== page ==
Solon seeks to ban agency-funded allowances for COA personnel
In a bid to preserve the independence of the Commission on Audit (COA), a lawmaker wants to prohibit agencies from offering additional allowances to COA personnel assigned to their offices.
Agusan del Norte Representative Eripe John Amante has filed House Bill no. 5352 or the “Anti-Patronage in State Auditing Act of 2015.”
The proposed bill seeks to prohibit “government entities including government-owned or controlled corporations and the local government units, to allocate funds for the additional compensation, allowances, honoraria, bonuses or other emoluments to the officials and personnel of the Commission on Audit (COA) stationed or assigned in their respective offices thereby strengthening the independence, morality and integrity of the Commission on Audit and for other purposes.”
The lawmaker said it will prevent the possibility of COA auditors being influenced “by their benefactor” agencies of local government units.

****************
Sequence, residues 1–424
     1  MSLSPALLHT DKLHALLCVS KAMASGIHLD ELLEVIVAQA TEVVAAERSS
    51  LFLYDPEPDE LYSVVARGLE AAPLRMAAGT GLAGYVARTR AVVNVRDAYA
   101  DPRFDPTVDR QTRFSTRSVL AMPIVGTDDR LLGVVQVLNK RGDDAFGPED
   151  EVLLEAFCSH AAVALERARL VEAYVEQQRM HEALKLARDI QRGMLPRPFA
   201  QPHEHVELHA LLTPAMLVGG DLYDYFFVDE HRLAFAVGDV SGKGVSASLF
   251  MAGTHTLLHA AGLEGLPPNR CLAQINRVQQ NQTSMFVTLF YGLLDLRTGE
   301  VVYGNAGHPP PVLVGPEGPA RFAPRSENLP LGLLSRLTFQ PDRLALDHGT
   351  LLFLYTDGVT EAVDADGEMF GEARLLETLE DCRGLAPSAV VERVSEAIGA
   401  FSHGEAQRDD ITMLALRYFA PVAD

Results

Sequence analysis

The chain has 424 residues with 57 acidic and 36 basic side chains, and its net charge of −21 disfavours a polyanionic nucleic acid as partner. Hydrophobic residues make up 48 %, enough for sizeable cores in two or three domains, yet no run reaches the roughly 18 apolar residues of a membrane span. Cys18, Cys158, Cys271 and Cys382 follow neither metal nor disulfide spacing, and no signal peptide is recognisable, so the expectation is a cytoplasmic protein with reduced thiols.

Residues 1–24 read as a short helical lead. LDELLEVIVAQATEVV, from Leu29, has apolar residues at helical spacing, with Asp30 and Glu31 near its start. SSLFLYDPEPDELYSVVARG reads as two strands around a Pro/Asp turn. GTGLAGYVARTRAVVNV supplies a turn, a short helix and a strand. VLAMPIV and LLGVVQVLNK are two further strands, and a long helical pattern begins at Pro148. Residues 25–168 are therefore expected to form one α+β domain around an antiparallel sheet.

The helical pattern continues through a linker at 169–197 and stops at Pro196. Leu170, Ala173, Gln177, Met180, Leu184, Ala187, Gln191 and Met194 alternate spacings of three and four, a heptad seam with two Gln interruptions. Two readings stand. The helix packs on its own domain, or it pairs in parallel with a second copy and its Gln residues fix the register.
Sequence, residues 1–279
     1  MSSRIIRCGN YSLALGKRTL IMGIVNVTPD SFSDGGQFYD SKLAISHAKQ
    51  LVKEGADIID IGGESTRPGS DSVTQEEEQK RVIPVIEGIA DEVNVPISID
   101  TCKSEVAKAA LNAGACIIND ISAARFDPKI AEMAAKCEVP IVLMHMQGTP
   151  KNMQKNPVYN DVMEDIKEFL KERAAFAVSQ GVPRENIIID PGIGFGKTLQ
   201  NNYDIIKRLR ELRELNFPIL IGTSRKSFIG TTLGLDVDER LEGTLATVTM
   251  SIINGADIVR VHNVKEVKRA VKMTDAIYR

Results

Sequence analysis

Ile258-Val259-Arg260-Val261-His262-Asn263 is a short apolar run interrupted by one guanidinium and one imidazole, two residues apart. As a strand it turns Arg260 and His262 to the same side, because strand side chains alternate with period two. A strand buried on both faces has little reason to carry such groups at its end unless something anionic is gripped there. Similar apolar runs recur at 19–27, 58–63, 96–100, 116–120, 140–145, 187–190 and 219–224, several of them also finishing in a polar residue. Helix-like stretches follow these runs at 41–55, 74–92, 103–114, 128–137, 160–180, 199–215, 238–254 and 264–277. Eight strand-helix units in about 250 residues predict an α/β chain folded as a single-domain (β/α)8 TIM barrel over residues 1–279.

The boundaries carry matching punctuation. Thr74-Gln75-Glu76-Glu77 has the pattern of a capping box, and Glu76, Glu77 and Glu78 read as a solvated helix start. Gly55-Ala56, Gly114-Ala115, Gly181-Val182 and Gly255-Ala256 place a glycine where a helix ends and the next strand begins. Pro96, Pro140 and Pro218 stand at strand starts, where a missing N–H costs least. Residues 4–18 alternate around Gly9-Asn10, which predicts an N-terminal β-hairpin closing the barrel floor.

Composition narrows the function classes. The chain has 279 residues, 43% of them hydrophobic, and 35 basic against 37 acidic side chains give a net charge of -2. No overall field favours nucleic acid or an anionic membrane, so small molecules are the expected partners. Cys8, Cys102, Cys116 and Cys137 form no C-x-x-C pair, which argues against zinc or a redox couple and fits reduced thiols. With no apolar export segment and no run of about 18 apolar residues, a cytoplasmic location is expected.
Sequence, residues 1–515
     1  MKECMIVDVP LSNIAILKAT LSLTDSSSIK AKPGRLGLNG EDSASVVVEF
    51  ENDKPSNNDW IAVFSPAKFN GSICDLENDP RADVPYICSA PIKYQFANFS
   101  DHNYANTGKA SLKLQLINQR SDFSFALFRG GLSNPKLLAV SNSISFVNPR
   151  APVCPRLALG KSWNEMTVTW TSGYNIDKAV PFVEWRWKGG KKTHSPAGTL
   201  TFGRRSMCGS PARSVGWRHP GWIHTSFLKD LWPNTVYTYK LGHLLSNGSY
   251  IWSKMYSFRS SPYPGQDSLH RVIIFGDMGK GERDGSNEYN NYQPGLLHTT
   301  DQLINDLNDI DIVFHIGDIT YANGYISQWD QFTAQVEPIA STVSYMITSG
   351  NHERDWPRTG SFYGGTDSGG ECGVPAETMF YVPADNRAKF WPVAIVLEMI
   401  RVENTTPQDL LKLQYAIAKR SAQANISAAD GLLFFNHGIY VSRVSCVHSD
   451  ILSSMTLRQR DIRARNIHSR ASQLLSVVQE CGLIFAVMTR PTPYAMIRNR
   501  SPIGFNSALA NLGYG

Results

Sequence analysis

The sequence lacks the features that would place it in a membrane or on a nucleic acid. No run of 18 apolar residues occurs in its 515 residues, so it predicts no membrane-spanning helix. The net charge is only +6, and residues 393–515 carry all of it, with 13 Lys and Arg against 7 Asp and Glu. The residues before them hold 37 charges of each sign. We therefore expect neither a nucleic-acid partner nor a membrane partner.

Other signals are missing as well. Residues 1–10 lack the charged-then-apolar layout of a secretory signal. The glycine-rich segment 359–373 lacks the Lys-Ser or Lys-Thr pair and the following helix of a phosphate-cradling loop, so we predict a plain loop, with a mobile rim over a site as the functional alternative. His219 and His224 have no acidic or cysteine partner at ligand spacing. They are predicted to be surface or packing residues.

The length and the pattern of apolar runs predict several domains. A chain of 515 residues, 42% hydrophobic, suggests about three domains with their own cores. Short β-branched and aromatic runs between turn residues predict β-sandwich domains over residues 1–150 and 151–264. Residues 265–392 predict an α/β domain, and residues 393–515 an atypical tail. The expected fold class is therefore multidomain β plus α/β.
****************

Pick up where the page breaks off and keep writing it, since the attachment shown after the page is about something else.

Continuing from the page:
Amante pointed out that Republic Act no. 6758 or the Compensation and Position Classification Act of 1989 already prohibits the giving of allowances but the Local Government Code of 1991 “created confusion.” Some interpreted the code to have repealed Section 18 of RA 6758, which states:
“In order to preserve the independence and integrity of the Commission on Audit (COA), its officials and employees are prohibited from receiving salaries, honoraria, bonuses, allowances or other emoluments from any government entity, local government unit, and government-owned and controlled corporations, and government financial institution, except those compensation paid directly be the COA out of its appropriations and contributions.”
Amante said that in an earlier case, Villarama Vs. COA, GR No. 145383-84 dated August 6, 2003, the Supreme Court said the inconsistency of the two laws should be reconciled.
“Though there are existing ruling of the High Court and memorandum orders from the COA regarding this matter, there are still LGUs and resident COA Auditors who are continuing this practice,” he added.
If enacted into law, violators could face imprisonment of six months and one day to twelve years and disqualification from public office. The COA personnel will also be required to refund the additional compensation received.
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